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What is a Life Estate?

What is a Life Estate?

A life estate is often created by an older parent when they sign over the house to their adult children but stipulate that the parent can remain in the house until they pass away. In some estate planning cases, this is the easiest and most advantageous way to transfer property. The resident is called the Life Tenant and the beneficiary is the Remainder Owner. One of the most daunting threats to elderly people is the risk an extended care need. Continue reading...

Do I Need Life Insurance for My Spouse?

Do I Need Life Insurance for My Spouse?

The spousal relationship is usually intended to be a permanent one, and with it comes a high degree of financial co-dependence. Today, many working couples will mutually own life insurance for the sake of the other, so that long term financial plans do not have to change drastically if one of them dies. Even in the case of a non-working spouse, they are probably doing something that brings economic value to the household, a contribution which can be insured with life insurance. Life insurance on your spouse may protect you the same way that life insurance on your life can protect your spouse. Continue reading...

Where do I Find a Good Attorney for my Estate Needs?

There are thousands of attorneys that specialize in estate planning, so choosing the right one for you can be a challenge. If possible, referrals are the best approach. Your Financial Advisor should definitely have resources and a network available to recommend a reliable estate and/or tax attorney for you — someone he or she has been working with for a number of years at least. Ultimately, the best source is a referral from a friend or someone else you trust. Continue reading...

What is the Difference Between a Will and a Trust?

What is the Difference Between a Will and a Trust?

A primary difference between a will and a trust is that a will goes into effect once you die, but a trust goes into effect when you create it. Beyond that, a will is a more basic estate planning document/tool that determines how your assets should be divided upon your death. On the other hand, a trust goes further in controlling how the assets are distributed. It may stipulate when, how, and to whom the assets will be distributed, and those distributions may not happen immediately but rather over a long stretch of time. Continue reading...

What is Life Insurance?

What is Life Insurance?

Life insurance is one of the oldest financial products in existence, with roots going back beyond the ancient Roman Empire. Today, there are many different kinds of life insurance available, most representing variations on the main categories of term life, whole life, and universal life. It can be written in a private contract, but most often it is offered as packaged products to the public. Life Insurance’s main purpose is to ensure that dependents of a deceased provider or caretaker will have some financial resources to fall back on, but it can also be used as a means to create a guaranteed legacy or a tax-advantaged pool of money. Continue reading...

Do I Need Professional Help to Prepare a Will?

Do I Need Professional Help to Prepare a Will?

Whether you need professional help depends on the size of your estate and the complexity of your wishes for how to distribute your assets. Generally speaking, however, it makes sense to hire legal help to create your last will and any related trusts, as often times the cost to doing so is less than the cost of probate court and duress to your heirs in settling the estate themselves. What is a Living Will? What is the Difference Between a Will and a Trust? How Much Does it Cost to Prepare a Will? Continue reading...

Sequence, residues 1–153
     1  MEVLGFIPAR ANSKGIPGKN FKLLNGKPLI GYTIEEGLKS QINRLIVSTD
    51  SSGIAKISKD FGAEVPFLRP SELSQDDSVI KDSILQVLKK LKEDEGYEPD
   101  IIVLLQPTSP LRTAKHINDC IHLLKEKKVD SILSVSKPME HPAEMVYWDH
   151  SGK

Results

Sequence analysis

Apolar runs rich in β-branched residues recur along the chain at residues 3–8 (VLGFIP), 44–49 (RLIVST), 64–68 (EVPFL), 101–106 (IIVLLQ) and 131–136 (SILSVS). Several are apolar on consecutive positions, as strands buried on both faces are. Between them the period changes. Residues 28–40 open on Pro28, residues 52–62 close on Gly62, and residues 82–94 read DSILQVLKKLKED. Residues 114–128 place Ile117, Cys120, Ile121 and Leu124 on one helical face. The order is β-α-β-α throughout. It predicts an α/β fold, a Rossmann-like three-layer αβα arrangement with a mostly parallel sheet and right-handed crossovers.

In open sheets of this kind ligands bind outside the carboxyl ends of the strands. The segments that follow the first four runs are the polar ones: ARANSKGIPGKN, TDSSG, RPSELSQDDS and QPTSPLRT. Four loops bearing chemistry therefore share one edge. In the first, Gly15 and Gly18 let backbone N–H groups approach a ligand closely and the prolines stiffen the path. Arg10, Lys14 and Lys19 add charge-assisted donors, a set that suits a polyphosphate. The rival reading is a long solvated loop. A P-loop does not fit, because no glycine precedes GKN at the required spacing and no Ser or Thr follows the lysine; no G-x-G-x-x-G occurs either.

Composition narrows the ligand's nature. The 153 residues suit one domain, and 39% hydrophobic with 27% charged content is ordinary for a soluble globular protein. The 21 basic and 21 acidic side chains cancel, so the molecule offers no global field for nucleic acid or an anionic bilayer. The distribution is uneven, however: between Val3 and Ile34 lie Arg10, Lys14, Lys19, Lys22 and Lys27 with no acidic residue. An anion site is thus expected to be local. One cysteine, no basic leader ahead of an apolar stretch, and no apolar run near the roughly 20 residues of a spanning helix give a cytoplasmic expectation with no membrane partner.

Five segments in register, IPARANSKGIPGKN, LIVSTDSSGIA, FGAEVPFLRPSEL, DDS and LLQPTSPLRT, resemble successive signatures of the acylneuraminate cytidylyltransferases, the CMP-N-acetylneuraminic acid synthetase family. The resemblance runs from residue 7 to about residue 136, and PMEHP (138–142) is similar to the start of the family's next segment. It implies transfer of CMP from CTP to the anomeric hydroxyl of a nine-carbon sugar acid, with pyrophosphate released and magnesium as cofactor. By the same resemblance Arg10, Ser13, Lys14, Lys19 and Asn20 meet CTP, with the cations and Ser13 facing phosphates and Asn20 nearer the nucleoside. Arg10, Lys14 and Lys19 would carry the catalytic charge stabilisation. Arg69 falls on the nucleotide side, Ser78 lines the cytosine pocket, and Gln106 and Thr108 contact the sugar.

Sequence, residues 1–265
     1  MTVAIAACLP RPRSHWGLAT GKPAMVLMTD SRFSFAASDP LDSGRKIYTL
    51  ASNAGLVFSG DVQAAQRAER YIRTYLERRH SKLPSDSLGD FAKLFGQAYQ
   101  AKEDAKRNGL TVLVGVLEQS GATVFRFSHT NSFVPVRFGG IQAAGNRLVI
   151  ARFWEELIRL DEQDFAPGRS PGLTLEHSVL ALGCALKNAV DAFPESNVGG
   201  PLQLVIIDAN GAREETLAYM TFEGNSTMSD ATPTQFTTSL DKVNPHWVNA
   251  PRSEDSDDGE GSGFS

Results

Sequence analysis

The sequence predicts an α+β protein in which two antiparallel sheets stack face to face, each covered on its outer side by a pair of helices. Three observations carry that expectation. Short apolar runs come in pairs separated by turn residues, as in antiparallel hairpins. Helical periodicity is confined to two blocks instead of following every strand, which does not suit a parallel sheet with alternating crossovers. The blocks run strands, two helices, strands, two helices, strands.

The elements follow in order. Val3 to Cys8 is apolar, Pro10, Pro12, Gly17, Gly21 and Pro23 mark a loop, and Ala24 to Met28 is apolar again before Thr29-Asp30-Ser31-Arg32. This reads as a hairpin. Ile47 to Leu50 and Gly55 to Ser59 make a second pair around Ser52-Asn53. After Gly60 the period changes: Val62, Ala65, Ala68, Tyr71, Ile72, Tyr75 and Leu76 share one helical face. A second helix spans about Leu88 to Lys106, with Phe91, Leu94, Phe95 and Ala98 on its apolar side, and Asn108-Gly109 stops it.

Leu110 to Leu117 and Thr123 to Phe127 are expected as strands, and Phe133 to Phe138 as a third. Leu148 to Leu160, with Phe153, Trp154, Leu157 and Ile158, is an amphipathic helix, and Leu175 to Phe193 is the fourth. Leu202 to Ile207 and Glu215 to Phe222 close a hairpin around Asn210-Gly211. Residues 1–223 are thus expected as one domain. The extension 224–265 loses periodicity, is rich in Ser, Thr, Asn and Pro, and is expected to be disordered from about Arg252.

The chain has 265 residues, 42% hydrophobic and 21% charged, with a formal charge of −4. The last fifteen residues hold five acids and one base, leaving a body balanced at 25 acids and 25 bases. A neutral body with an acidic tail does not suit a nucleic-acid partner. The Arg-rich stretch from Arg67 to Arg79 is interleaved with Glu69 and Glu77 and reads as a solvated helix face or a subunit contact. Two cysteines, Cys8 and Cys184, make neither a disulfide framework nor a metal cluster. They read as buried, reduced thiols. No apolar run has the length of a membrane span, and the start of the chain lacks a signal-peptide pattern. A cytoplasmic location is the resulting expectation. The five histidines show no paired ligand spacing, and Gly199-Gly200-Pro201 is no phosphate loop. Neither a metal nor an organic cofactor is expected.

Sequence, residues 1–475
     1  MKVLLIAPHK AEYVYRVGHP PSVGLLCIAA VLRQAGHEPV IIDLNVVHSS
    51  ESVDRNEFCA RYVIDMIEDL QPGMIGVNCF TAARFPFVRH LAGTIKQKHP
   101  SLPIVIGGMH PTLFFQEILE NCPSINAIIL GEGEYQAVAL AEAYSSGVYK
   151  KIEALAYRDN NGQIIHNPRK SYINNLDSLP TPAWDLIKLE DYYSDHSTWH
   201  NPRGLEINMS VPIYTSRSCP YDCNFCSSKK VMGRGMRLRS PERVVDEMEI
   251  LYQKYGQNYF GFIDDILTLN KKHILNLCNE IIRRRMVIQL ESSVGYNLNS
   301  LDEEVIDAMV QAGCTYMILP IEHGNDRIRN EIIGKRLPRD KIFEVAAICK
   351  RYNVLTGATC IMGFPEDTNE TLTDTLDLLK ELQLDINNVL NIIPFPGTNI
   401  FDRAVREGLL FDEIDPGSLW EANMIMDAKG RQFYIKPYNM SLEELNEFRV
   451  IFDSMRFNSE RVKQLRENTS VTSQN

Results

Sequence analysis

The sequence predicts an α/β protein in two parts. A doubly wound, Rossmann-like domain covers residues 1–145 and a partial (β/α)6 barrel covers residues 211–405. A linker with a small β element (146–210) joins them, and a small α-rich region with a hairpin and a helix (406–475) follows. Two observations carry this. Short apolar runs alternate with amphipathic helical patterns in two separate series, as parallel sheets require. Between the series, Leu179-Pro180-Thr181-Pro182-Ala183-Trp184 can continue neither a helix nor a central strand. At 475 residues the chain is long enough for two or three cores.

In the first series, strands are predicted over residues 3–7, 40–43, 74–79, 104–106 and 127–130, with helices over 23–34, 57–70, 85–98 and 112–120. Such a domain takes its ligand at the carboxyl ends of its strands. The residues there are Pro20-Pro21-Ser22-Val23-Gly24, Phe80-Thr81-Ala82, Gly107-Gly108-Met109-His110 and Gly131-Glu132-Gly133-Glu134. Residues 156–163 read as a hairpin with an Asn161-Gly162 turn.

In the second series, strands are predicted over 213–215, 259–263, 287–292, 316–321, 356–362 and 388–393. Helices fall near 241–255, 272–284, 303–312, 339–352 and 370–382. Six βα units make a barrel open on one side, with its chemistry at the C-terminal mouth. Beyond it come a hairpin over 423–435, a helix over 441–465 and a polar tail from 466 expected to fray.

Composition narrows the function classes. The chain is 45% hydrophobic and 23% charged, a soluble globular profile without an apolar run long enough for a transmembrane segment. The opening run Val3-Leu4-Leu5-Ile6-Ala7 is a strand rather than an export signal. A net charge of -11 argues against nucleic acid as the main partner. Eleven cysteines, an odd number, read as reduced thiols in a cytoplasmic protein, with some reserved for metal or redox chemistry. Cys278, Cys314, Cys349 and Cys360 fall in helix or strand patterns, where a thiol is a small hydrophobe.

Do I Need a Trust?

Do I Need a Trust?

Whether or not you need a trust depends on several factors, some of which include: your level of assets, the complexity of your estate planning goals, the control you wish to exercise over your assets after your death, your need for creditor protection, amongst others. Trusts have many features that make them an attractive option for wealthy people – it allows them to avoid taxes in some cases, avoid probate court for heirs, and the ability transfer control of your assets to someone you trust (your selected trustee). It also affords the ability to have the assets span multiple generations, if managed properly. Continue reading...

What is Form 706 GS (D): Generation Skipping Transfer Tax Return for Distributions?

IRS Link to Form — Found Here Form 706 is the Estate Tax return, and it has a section concerning Generation-Skipping Transfers. 706 GS (D), specifically, is the form which 706: GS (D-1) is the corresponding form if the transfer is associated with a trust, which is filed by the trustee. The Generation-Skipping Tax attempts to prevent an estate from transferring too many assets directly to grandchildren instead of children for the purpose of shielding heirs from estate taxes. The form for reporting Generation Skipping Transfers is 706 GS (D), where 706 is the Estate Tax Return filing. Continue reading...

Do I Need Professional Help to Prepare a Trust?

Do I Need Professional Help to Prepare a Trust?

In most cases, you should consult a tax professional and/or an estate planning attorney for help in setting up a trust. If you’re setting up a trust in the first place, it is likely because you have estate planning needs – which also means you have a level of assets that requires estate planning. Preparing a trust on your own runs the risk of setting it up incorrectly, which can lend itself to legal risks such as challenges from heirs and/or creditors. Continue reading...

How Much Does it Cost to Prepare a Trust?

How Much Does it Cost to Prepare a Trust?

The cost of setting up a trust varies depending on the type of trust and its complexity, but generally speaking a trust will cost between a few hundred to a few thousand dollars. Basic trusts can typically be setup using online tools and guides from trusted sources, whereas complex trusts often require the help of an estate planning attorney and a tax attorney. There is also the matter of paying the trustees an annual fee for oversight of the trust, and there may be annual expenses associated with keeping the trust up to date with changes to the law and/or your estate plan. Continue reading...